WE ALSO know that there will be more money invested in haredi housing (possibly adding another haredi city), and more designated transportation services for the haredi public, while the practice of providing the needy (many of them haredi families) with rechargeable, prepaid food cards, will be returned after the outgoing government had done away with them.
In general, it seems as though most of the achievements of the outgoing government on issues affecting the haredi community – such as the kashrut reform, which sought to get rid of the corruption in this field; the cellular reform which tried to weaken the power of the committee of rabbis over kosher cellphones; the raising of the purchase tax on drinks containing sugar, and disposable cutlery and eating utensils; and an improvement in the status of the Reform Movement concerning conversions in Israel and prayer arrangements at the Western Wall – will now go down the drain.
On issues such as public transportation on Saturday the status quo will be preserved and prospects of introducing such transportation in secular regions, towns and cities will be thwarted.
Finally, it has been agreed that a new Basic Law will be passed – Basic Law: Study of the Torah – that in practical terms will place the study of the Torah (nothing is said about the rest of the Bible) on par with service in the IDF, and together with a new enlistment law that will exempt haredim from military service altogether, and an overriding clause that will enable the Knesset to override any High Court of Justice ruling that will try to interfere with the new arrangement, will change the status quo concerning the military service of the haredim.
Basic Law: Study of the Torah, was first brought up in the Knesset in 2018 by an MK from Shas. It symbolizes a shift in the attitude of the haredim to Basic Laws, which according to the Harari amendment from 1950, are considered to constitute chapters in a future constitution. For decades the haredim objected to anything having to do with a constitution, claiming that in the Halacha the Jewish people already have a constitution.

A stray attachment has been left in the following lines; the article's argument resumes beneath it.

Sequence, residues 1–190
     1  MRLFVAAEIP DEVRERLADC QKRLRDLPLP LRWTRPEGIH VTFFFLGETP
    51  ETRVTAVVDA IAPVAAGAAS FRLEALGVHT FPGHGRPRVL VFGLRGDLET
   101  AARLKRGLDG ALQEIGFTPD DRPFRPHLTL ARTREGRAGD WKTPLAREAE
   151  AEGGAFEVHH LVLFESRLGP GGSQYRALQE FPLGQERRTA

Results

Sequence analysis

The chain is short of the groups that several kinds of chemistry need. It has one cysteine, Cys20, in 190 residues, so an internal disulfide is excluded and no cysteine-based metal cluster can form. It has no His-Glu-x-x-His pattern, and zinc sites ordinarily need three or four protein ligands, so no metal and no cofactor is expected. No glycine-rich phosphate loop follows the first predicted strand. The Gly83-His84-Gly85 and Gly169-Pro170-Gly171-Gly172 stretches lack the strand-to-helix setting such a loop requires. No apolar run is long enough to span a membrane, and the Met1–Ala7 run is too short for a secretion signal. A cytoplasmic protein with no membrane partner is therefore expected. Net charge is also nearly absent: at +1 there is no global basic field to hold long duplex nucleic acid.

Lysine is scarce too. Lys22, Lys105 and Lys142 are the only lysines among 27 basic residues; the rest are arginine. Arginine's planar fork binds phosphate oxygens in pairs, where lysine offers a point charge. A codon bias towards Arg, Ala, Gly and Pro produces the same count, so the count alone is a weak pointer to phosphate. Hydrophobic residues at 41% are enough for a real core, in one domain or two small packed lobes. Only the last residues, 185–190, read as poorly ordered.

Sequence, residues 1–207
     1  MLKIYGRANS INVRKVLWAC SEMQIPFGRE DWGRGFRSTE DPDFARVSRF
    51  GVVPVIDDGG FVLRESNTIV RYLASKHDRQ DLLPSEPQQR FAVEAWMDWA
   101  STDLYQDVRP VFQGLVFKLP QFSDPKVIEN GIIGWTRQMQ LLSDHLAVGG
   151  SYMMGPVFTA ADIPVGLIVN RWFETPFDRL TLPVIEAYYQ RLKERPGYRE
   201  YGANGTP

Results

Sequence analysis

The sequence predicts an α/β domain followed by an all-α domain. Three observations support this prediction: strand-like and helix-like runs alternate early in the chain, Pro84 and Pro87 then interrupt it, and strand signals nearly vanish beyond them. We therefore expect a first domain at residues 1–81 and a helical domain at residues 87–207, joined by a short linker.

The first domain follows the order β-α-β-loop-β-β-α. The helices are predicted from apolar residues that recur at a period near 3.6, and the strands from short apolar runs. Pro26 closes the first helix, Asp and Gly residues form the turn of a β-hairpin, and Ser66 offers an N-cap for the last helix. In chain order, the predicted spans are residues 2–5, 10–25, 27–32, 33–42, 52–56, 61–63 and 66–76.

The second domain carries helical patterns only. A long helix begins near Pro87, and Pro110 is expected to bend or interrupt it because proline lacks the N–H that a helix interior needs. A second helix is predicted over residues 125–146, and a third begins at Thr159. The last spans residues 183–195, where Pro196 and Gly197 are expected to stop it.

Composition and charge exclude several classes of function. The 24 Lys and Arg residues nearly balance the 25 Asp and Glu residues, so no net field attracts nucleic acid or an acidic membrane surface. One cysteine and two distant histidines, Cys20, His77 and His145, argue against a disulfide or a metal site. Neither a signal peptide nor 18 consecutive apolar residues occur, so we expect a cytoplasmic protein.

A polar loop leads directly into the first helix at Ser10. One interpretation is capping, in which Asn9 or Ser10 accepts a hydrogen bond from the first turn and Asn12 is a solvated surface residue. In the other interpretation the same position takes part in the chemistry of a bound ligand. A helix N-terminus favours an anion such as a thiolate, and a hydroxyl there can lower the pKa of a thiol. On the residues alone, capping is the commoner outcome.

However, the proposed basic law is liable to come across harsh opposition from the non-religious population, which considers it to be a major breach in the religious status quo, and whose main purpose is to free haredim not only from participating in carrying the defense burden, but also from all possible alternatives, such as national service of various sorts or service in their own community.
In fact, what is totally missing from the agreement is any real progress towards the greater integration of the haredi community into the Israeli mainstream society, not only in the sphere of military service, but also in the sphere of employment, and a more significant contribution to the state economy. Without a serious shift in the haredi attitude to non-religious education, within several decades, when the haredim will constitute around a third of the population, in many spheres Israel’s standing in the world will deteriorate.
One gets the impression that Netanyahu and his negotiating team did nothing to counter their almost complete submission to most of the haredi demands (many of which are admittedly justified), with demands that place the interests of the future of Israel in the first place.
I certainly did not expect Netanyahu to try to mobilize the haredim to save Israel’s endangered liberal democracy, to which he himself poses a threat. However, he speaks a lot about Israel’s sources of power and I did expect him to try to increase the haredi contribution to this purpose.
The writer worked in the Knesset for many years as a researcher and has published extensively both journalistic and academic articles on current affairs and Israeli politics. Her most recent book, Israel’s Knesset Members – A Comparative Study of an Undefined Job, was published by Routledge.